100 Years of the Best American Short Stories, Lorrie Moore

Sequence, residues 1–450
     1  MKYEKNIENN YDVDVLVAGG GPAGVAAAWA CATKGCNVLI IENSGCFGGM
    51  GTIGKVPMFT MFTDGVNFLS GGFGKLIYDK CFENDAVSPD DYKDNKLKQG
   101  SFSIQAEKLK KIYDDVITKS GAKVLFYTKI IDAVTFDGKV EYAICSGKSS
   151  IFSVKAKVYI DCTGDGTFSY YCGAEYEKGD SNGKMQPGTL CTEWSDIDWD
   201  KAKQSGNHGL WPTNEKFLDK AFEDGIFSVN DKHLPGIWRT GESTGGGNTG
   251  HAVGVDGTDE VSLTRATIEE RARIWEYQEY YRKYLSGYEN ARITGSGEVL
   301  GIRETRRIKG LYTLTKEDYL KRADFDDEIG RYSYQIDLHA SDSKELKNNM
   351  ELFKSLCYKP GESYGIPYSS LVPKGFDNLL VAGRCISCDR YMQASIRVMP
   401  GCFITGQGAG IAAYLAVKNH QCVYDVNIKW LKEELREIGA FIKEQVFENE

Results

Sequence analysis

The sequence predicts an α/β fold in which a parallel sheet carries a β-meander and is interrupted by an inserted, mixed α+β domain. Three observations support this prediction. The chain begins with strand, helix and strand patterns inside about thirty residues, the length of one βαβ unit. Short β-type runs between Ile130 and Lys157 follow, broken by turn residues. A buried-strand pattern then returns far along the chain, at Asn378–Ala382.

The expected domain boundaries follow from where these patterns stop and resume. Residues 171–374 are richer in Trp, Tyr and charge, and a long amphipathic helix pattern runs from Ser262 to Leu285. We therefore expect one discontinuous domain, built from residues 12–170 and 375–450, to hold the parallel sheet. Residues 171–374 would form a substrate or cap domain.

It was interesting to see how in the 1990s there was a return to straight realism in literary fiction. Perhaps it was the response to the anti-realism of the late 60s and 70s, the minimalism of the 80s. I enjoyed how the stories that were chosen from the thousands and thousands out there displayed experimentation, nudging the boundaries of form… as if they are willing to try anything once. I read one from the 20s – Hemingway’s ‘My Old Man’, Faulkner’s ‘That Will Be Fine’ from 1936, but skipped ahead to the 1960’s to present for the meat of it. The 60s exploration of the hidden complexities of the 1950 happy family; the frankness about sex in the 70s, though definitely the ‘me decade’; the 2000s bringing with it stories directly or indirectly addressing the attacks of 9/11, the irony and outrage of the wars and the economic collapse of , exploration of the immigrant experience in the U.S.. A long read all the way through (over 700 pages) … great for breaks in your day where a short story is just short enough to finish, but not too long where it can occupy your time for hours forgetting to feed the dog, make dinner, or forget about the errands you have to do for the day.